Not only do I not want the ivy making its way under the siding, across the porch toward our front door, or crumbling the chimney mortar, but when I pull it down each year I tell myself I’m actively working to prevent our house from eventually looking like this:

Perhaps I should be so diligent in other areas of my life.


  1. Larry says:

    Hello Little Sister: 🙂

    I have been told that Satan looked lovely too, but Ivy can also be deceiving and a liar and is coming to destroy your home.

    Yes you can leave it till the fall each year, but every time it gets the chance to creep in to your roof, even just a little bit, it breaks down the defense and oops it is in and lifting your roof a little more for they next spring, I call it (in season):-(

    Or the time you leave it on your brick, and the roots hang on, they start going in and they must to be able to hold all that burden for it is not light. Think about the fact that each and every year, it is knocking down your brick and concrete defense, just like Satan would do if we give him a foot hold. Year after year the brick and concrete gets softer and begins to split open more and more.

    Yeh it looks sooooooooo pretty when it’s colors change in the fall, Satan is like that he too changes his colors to what ever he thinks will win us over. Ivy is just like that too, it is when you leave it up for the pretty fall colors that its roots that have established in the concrete and roof begin to expand thus opening everything even bigger for the next time.

    If you look more closely at the roof line and at your ceiling of your patio cover, you can see further proof, it is coming to destroy.

    Love you little Sis


  2. Just Julie says:

    I’m going to take cover right away, Lar. :O

  3. Patty (Rugersmom) says:

    Oh my!! When we bought our little raised ranch about 10ish years ago it was covered with ivy, to the point that it looked similar to your last photo. While we were looking at the house to buy it, the owners had the good sense to cut the ivy away from the windows or we would have felt as if we had entered a cave. Like you, I thought it was charming, until we tried to kill it. The first couple of years in the house when it got to the point that it was growing over the screens on the bedroom windows it would be cut back. When we pulled it away from the back of the house we found a wooden bar to hang tools on complete with a rake and shovel completely wrapped in ivy and unseen until we tore the ivy away. They could have hidden dead bodies there. It was no longer charming but an entity determined to overtake my home and hide it from me. Now most of the ivy is gone, but like your porch, the suction cups seem to stay forever. We have had the house power washed and still, there they are, taunting me and reminding me of what was there before. We are seriously looking at residing the house. And let me just warn you that if someone ever tells you that Morning Glories will be a lovely addition, stop them in their tracks. Two tiny little vines of Morning Glories have overtaken two flower beds. We try to pull them out but they won’t go away either. Sometimes it feels as if I am living in a bad Science Fiction movie! ;0)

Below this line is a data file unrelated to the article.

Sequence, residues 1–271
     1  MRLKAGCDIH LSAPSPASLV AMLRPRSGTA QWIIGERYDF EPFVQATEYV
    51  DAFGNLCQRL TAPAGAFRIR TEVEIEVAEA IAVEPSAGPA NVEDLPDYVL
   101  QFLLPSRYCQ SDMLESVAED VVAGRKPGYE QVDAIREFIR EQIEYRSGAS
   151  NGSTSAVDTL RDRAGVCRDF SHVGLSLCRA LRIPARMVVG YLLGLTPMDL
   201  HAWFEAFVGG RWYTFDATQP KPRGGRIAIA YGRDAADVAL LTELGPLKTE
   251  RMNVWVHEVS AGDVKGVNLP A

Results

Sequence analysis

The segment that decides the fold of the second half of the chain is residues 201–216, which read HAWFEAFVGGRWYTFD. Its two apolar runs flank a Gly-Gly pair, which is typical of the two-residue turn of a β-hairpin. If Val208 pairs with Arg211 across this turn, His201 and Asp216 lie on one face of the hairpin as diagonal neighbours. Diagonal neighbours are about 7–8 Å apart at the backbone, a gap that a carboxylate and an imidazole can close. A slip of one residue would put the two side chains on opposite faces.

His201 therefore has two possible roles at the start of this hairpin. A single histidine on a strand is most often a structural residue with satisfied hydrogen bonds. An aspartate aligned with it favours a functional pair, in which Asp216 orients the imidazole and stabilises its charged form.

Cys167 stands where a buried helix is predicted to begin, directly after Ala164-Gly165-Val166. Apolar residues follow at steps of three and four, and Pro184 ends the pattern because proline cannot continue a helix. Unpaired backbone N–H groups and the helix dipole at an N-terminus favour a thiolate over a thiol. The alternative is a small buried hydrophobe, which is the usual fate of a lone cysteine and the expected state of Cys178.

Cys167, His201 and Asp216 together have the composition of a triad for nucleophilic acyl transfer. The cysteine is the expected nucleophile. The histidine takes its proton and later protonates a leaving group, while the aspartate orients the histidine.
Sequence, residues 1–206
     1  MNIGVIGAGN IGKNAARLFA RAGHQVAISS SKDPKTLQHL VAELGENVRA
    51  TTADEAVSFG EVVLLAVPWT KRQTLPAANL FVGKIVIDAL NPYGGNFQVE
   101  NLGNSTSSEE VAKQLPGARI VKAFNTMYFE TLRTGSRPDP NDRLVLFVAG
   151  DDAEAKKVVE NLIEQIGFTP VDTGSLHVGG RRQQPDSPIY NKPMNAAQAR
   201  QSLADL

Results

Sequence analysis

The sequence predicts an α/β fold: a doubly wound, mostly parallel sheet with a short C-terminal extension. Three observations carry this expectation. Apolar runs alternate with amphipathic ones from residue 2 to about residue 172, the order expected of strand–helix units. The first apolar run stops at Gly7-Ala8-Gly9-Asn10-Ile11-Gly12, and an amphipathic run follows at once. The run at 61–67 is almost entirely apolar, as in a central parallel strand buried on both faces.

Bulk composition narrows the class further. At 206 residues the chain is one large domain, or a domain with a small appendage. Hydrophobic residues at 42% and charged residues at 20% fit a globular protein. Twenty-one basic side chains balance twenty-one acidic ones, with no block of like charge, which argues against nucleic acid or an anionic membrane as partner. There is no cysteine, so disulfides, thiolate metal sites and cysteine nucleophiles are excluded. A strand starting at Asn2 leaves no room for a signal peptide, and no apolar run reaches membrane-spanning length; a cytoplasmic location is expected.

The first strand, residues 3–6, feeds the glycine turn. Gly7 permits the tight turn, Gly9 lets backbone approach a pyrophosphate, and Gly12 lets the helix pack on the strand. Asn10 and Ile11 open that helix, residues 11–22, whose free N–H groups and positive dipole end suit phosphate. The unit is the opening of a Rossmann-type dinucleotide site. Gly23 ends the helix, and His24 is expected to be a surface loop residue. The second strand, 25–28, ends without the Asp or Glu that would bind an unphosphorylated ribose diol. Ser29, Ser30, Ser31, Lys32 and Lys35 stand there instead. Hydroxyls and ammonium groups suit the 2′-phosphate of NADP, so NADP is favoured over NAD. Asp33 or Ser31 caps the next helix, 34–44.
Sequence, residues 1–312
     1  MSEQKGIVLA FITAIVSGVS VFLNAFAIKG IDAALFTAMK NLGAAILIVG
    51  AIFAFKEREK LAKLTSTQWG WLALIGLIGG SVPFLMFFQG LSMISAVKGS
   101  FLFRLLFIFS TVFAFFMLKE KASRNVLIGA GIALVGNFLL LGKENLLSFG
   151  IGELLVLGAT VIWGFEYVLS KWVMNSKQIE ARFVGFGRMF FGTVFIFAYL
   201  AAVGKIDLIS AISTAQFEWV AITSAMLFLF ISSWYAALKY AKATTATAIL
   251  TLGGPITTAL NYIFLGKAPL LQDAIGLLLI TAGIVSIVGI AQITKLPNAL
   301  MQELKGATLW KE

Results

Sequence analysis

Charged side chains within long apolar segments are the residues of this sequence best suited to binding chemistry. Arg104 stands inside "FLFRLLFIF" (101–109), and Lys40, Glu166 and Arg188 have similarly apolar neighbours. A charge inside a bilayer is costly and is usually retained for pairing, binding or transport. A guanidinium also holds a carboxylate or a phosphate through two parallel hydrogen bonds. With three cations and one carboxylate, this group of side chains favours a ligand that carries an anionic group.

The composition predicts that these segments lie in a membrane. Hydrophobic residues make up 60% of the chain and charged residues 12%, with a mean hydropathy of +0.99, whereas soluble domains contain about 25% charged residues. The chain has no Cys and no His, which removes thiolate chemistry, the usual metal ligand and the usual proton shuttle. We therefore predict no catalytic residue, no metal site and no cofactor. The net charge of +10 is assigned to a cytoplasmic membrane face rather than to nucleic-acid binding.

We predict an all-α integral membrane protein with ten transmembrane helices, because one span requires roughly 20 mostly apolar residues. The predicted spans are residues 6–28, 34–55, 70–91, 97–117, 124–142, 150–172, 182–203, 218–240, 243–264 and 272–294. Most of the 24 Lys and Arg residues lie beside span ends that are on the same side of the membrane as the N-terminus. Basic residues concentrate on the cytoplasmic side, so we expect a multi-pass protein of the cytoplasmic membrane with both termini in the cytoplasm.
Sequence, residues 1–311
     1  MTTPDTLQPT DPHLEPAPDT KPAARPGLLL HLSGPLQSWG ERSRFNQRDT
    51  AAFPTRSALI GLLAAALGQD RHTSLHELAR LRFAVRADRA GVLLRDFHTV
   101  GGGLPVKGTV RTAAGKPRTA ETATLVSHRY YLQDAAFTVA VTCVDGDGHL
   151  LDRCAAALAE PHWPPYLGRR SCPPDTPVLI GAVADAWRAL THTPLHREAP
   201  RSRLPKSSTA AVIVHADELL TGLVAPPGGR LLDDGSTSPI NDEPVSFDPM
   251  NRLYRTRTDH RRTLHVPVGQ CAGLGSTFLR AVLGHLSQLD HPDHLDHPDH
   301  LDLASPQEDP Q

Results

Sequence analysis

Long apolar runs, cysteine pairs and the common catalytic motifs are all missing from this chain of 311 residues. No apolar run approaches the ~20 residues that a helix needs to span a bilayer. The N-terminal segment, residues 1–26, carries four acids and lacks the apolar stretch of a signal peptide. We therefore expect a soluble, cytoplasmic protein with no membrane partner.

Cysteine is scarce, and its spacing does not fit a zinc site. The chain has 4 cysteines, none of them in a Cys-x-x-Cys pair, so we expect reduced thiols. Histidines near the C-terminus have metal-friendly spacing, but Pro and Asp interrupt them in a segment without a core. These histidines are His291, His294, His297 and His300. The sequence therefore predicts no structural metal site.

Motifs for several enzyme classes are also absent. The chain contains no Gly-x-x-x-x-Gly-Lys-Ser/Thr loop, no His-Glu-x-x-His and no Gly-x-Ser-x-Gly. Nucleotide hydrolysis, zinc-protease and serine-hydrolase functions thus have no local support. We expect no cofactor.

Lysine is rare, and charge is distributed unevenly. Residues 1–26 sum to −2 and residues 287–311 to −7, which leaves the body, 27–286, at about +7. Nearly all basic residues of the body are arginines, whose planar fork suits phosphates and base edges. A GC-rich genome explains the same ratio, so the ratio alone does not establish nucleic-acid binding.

4. Just Julie says:

    Thank you for the heads up about morning glories Patty! After reading all of this I’m thinking about this ivy issue even more. 🙁

  5. Ember says:

    What you have there is not ivy, it’s Virginia Creeper (google for pics & info) and will not damage brickwork. However what it will do is create a lovely ladder for rats, and allow them to get in through the ventilation holes under the eaves and take up residence in your attic, if it grows to a height that allows them to jump from the top of the creeper to the eaves.
    Pretty though innit.

  6. Ember says:

    Mind you, you’re right about the suction cups on the wood, so maybe I’m being too confident about not damaging brickwork! You can check it out, that’s what the websites say.

  7. Just Julie says:

    Virginia Creeper! I’ve never heard of that. Thank you for telling me, Ember.


    Ruined roofs!

    Attic infestation!

    I’m gearing toward a goodbye to this plant pest….anyone want some clippings?